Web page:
* Business --  Felten explores the psychology behind brand loyalty people develop for certain products and loyalty programs businesses implement to snag and keep customers

 

* Military / Law Enforcement -- how loyalty / codes of conduct in these environments are developed, in what ways it is important in these groups; when discussing law enforcement and more specifically prisons, gets into "prisoner dilema" and Reid Technique

 

 

Felten even looks at loyalty in regards to the entertainment industry, citing as one example the demise of the marriage between actress Sandra Bullock and motorcycle  manufacturing specialist Jesse James, after Bullock weathered a very public airing of James' adultery. 

 

What makes it one of the most highly regarded virtues and what dangers does one face when loyalty is misplaced? Loyalty in a person is undeniably admirable, particularly when it stems from an honest place without ill intent or ulterior motive. Having people in your life who truly have your back allows one to be more brave, pursue more dreams, attempt more daring feats and ultimately develop a more fulfilling life all around. But what to do, when society places a burden on a person to be loyal to someone who does NOT seem to have the other person's interests at heart? Some will follow orders and remain loyal to the figure anyway, even when the figure's actions move beyond being merely selfish into flat out immoral or illegal. Even so, their followers can STILL get caught up in that sense of loyalty, making it difficult to convince a person to separate themselves from the unhealthy person in their life. It's just one of those things that rarely catches on, at least right away. Here enters Felten's point on how loyalty can become "the vexing virtue... creating moral conflicts".

 

Felten's book pleads the case as to why loyalty is still an important virtue worthy of lifelong pursuit. He writes with an enjoyable humorous tone but the text itself does not remain riveting throughout. This little book only lightly delves into the topic and even there, Felten's points sometimes become repetitive, his main stance being (as you can guess from the title) on the vexing quality of loyalty... but he hits upon the "vexing" idea A LOT.

 

 

___________

 

EXTRAS:

 

* Here Eric Felten himself talk on the topic of loyalty in this short clip (book trailer of sorts?)

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review 2018-09-10 19:52
My Life In Middlemarch by Rebecca Mead
My Life in Middlemarch - Rebecca Mead

Rebecca Mead was a young woman in an English coastal town when she first read George Eliot's Middlemarch, regarded by many as the greatest English novel. After gaining admission to Oxford, and moving to the United States to become a journalist, through several love affairs, then marriage and family, Mead read and reread Middlemarch. The novel, which Virginia Woolf famously described as "one of the few English novels written for grown-up people," offered Mead something that modern life and literature did not. In this wise and revealing work of biography, reporting, and memoir, Rebecca Mead leads us into the life that the book made for her, as well as the many lives the novel has led since it was written. Employing a structure that deftly mirrors that of the novel, My Life in Middlemarch takes the themes of Eliot's masterpiece--the complexity of love, the meaning of marriage, the foundations of morality, and the drama of aspiration and failure--and brings them into our world. Offering both a fascinating reading of Eliot's biography and an exploration of the way aspects of Mead's life uncannily echo that of Eliot herself, My Life in Middlemarch is for every ardent lover of literature who cares about why we read books, and how they read us.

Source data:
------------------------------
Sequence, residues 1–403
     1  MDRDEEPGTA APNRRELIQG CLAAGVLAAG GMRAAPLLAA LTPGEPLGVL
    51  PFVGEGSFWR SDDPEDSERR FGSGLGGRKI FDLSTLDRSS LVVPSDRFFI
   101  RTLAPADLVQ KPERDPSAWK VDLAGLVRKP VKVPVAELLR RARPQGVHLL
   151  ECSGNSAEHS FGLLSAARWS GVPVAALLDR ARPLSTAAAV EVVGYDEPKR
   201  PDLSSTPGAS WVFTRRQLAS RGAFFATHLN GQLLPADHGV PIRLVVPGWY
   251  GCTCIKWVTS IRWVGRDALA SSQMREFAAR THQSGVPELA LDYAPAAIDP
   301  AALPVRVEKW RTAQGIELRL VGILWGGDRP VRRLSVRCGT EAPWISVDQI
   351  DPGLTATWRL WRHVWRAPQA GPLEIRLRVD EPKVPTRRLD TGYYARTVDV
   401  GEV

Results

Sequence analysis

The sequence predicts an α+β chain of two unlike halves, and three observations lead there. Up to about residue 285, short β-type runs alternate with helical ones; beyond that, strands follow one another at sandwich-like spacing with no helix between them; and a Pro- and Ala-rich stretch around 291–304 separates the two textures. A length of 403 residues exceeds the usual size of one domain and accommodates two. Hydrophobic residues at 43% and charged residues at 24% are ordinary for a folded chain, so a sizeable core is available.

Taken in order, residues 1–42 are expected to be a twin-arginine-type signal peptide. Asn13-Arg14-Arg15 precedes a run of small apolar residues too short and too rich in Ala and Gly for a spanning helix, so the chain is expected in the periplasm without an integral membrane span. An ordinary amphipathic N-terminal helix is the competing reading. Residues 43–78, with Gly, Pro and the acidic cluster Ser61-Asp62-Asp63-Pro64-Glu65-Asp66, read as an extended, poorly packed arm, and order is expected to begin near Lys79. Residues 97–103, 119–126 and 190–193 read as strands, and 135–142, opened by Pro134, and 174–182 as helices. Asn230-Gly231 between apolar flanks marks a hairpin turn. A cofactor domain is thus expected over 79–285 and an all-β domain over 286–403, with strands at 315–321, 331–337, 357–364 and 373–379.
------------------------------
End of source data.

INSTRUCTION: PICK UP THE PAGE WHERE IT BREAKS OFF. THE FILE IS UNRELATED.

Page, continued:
Amazon.com

 

 

 

 

Journalist Rebecca Mead uses My Life in Middlemarch not only as a platform to revisit George Eliot's classic novel, one that proved to be one of the pivotal reading experiences of Mead's teens and twenties, but also as a way to get better acquainted with the famous author herself. Because Mead provides a respectable amount of thoroughly researched material, though this work initially presents itself as a memoir inspired by a great writer, the biographical portions on Eliot are nothing to scoff at. 

 

A book may not tell us exactly how to live our lives, but our own lives can teach us how to read a book. Now when I read the novel in the light of Eliot's life, and in the light of my own, I see her experience of unexpected family woven deep into the fabric of the novel  -- not as part of the book's obvious pattern, but as part of its tensile strength..."The secret of our emotions never lies in the bare object, but in its subtle relation to our own past," Eliot wrote in Adam Bede. The bare object of a book -- of a story -- might also have a subtle relation to our own past. Identification with character is one way in which most ordinary readers do engage with a book, even if it is not where a reader's engagement ends. It is where part of the pleasure, and the urgency, of reading lies. It is one of the ways that a novel speaks to a reader, and becomes integrated into the reader's own imaginative life. Even the most sophisticated readers read novels in the light of their own experience, and in such recognition, sympathy may begin.

 

 

Born Mary Ann Evans (though she preferred going by "Marian" in her youth), George Eliot grew up in the rural region of southwest England. A whip-smart girl, she was already working her way through the works of Sir Walter Scott by the age of seven! Letters she penned during her teen years show a kind of forced maturity. Her opinions are markedly prudish, pious and judgmental. Surprisingly, she claimed to find dancing and novel reading silly frivolities. But Mead has a theory: she points out that at about the same age Eliot was when she wrote these bold opinions, Mead herself would also strongly preach on topics she actually knew little about -- sex, feminism, politics. Mead suspects that at this point in her life, Eliot was likely just a teen working through the standard growing up period of trying to figure out who you are exactly. Part of that means maybe sometimes making claims you might not necessarily whole-heartedly believe in, simply for the sake of trying the idea on for size.